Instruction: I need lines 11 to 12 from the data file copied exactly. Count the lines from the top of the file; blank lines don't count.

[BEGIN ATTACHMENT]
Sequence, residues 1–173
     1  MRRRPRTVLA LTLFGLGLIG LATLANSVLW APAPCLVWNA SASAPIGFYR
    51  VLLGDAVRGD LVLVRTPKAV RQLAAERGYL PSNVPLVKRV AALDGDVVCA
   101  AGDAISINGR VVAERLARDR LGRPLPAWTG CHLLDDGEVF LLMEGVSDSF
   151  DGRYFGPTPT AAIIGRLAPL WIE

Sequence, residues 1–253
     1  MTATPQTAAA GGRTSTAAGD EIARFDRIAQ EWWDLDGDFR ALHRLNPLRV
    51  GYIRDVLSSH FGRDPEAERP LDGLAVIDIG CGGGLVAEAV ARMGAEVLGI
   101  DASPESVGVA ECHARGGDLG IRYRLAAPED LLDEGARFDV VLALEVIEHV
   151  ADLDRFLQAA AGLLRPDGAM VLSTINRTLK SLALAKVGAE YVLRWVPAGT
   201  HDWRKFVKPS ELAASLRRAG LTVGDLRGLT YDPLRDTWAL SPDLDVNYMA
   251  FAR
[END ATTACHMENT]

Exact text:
   201  HDWRKFVKPS ELAASLRRAG LTVGDLRGLT YDPLRDTWAL SPDLDVNYMA
   251  FAR